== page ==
Can Noise Make Us Sick?

Noise doesn’t have to be loud to affect us.  It can interfere with thought, communication, performance, and sleep.  At much lower levels than those that damage hearing, noise causes changes in sleep, blood pressure, and digestion, and may accelerate aging.  It can cause sleeplessness, distraction, lowered work productivity, headaches, loss of appetite, irritability, and depression.

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Effects on Learning and Behavior

In a monotonous job setting like a production line in a factory, music may be helpful, but people whose jobs require complex mental tasks work less efficiently in a noisy setting. Numerous studies show workers’ performance decreases with noise. Even among students, those in noisy environments score less in reading and language than their peers from quieter environments. According to research, noise from aircraft adversely affected learning abilities in children. Also, traffic noise, while less noisy than jet planes, can have long-term debilitating effects. One study showed school children living in the lower floors of buildings near heavy traffic have significantly lower reading scores than those children living on the higher floors.

People in noisy environments show greater aggression and hostility. A new report by the European Environment Agency shows 65 percent of Europeans are exposed to noise levels known to cause aggressive behavior and sleep dysfunction. Noise even drives people to murder and suicide. There are reports of noise-related murders in some countries. Research also shows an increase in nervous disorders among people living close to airports.

Noise causes stress.
Noise triggers strong stress reactions, including changes in heart rate and rhythm, a rise in blood cholesterol levels, as well as digestive upsets.  Noise has been linked to certain stress-related problems, such as hypertension, ulcer, headache, and colitis.  Long-term noise exposure is strongly linked to high blood pressure and may play a role in cardiovascular diseases.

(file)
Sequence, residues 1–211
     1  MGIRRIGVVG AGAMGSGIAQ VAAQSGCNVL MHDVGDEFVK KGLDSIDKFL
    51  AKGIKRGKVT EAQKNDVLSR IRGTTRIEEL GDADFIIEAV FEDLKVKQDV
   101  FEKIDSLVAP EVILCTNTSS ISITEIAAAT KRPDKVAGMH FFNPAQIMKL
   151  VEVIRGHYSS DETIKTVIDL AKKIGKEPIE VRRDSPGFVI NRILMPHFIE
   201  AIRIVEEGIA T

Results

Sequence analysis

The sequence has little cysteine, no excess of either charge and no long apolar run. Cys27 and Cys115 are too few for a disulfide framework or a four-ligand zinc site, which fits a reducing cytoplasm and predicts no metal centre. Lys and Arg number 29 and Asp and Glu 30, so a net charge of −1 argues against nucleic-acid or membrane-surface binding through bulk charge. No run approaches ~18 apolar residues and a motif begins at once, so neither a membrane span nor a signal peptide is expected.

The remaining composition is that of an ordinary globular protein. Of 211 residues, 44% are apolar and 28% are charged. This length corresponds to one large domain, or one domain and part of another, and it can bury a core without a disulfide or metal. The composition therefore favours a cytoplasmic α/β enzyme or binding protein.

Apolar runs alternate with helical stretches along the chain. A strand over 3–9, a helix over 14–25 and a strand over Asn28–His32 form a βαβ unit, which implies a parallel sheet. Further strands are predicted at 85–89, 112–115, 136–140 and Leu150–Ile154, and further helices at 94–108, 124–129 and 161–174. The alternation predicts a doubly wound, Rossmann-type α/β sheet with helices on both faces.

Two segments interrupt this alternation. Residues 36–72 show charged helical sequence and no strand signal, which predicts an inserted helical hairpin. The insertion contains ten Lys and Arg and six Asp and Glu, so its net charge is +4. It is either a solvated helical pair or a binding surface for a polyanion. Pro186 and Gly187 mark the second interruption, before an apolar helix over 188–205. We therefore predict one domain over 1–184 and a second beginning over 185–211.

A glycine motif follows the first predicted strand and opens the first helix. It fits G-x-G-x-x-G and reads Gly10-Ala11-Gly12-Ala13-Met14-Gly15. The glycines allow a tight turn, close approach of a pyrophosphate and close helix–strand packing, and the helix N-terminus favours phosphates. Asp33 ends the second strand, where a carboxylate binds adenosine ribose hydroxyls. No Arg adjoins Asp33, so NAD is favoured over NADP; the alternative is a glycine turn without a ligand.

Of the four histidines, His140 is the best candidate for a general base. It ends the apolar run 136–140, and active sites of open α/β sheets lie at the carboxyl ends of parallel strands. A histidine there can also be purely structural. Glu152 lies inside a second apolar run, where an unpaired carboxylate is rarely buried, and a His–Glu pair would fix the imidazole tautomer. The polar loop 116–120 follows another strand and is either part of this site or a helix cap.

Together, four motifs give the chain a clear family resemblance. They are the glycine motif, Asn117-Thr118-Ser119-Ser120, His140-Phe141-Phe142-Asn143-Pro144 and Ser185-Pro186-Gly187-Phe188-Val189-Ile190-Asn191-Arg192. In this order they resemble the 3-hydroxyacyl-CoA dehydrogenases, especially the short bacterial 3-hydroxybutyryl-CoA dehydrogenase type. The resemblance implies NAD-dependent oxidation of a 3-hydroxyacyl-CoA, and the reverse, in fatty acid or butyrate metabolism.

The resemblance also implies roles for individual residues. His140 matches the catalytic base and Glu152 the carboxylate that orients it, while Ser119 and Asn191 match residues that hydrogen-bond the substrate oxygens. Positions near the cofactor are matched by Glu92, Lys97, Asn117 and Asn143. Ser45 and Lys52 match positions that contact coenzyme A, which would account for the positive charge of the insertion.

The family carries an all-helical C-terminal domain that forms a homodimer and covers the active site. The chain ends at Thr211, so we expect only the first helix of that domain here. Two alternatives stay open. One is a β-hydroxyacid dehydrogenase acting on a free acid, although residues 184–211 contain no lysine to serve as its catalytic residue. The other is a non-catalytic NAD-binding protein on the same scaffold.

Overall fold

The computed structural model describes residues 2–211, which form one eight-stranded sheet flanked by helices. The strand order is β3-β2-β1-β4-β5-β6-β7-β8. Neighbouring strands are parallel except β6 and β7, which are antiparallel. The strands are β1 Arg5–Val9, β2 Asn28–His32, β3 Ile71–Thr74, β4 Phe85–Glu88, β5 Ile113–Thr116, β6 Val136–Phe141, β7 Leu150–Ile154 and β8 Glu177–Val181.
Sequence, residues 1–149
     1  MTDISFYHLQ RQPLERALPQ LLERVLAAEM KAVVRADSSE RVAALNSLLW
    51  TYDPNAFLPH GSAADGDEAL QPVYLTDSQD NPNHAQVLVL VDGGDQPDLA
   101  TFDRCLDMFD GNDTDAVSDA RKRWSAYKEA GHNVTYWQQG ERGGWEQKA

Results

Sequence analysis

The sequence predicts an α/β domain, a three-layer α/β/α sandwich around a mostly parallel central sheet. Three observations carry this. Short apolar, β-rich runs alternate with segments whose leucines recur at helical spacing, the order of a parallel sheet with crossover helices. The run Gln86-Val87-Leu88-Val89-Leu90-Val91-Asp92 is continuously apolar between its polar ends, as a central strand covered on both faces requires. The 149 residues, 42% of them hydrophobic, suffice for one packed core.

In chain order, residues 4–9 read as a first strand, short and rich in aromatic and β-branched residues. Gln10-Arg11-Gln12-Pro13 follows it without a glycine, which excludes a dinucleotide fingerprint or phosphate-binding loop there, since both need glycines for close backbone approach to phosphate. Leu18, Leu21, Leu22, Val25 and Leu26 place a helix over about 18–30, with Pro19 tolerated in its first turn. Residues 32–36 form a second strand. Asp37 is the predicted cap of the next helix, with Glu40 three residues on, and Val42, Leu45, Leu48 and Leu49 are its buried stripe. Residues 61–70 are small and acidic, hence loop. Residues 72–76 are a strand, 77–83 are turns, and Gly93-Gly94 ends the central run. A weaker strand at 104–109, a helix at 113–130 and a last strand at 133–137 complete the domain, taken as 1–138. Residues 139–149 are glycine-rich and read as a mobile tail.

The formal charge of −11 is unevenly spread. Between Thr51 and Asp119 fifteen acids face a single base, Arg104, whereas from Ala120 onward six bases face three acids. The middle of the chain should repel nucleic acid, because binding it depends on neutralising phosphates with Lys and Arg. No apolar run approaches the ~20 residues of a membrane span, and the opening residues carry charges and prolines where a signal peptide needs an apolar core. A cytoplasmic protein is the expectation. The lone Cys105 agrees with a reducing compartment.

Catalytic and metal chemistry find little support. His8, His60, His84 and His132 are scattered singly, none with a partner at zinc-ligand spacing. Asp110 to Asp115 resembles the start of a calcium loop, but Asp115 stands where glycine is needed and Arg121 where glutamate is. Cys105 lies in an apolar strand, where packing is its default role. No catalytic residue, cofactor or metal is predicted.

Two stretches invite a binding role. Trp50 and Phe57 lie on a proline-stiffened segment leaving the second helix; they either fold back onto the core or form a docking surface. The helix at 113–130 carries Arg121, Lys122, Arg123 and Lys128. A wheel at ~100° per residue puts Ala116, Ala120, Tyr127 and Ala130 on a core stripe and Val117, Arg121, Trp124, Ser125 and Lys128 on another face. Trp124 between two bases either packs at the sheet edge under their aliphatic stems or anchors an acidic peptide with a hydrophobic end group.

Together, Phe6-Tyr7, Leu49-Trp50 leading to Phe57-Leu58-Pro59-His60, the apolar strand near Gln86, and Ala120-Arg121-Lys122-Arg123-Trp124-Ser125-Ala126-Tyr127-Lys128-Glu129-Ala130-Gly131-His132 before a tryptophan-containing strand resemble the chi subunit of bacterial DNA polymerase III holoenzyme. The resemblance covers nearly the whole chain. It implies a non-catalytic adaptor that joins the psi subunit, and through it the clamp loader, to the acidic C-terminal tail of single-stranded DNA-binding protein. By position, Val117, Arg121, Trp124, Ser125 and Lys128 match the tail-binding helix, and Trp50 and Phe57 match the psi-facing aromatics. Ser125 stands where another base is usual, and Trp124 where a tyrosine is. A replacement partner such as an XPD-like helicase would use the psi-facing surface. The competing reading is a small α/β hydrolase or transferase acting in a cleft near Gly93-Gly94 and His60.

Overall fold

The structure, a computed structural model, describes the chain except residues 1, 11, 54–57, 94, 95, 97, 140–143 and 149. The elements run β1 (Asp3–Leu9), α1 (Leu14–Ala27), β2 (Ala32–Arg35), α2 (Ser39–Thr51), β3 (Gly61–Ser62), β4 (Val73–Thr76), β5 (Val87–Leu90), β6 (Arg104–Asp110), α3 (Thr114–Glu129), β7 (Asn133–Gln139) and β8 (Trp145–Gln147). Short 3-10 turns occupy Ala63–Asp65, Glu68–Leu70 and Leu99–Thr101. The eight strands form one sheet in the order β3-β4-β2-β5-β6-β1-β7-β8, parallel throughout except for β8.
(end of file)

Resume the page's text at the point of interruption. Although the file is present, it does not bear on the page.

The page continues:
The sounds of amplified music or roaring jet engines do go straight to your heart.  Your heart rate goes up because loud noises switch on our “fight or flight” mechanism.  Sustained exposure to loud and disturbing sounds means that the body produces a steady stream of adrenaline, a state that can lead to hypertension.  A German study in 1992 revealed that one in six Germans had a 20 percent higher risk of heart attack as a result of daily noise level exposures of 65 decibels.
In Munich, Germany, significant increase in blood pressure and stress hormones were experienced by children living in an area under the flight path of the nearby airport.  The constant roar from jet aircraft can seriously affect the health and psychological wellbeing of children, according to U.S.-based study.
Gary Evans, an environmental psychologist says, “This study is probably the most definitive proof that noise causes stress and is harmful to humans.”  Elevated blood pressure in childhood predicts high blood pressure later in life.  Boosts in stress hormones are dangerous because these hormones are linked to adult illnesses, including high blood pressure, elevated lipids and cholesterol, heart disease, and reduction in the body’s supply of disease-fighting immune cells.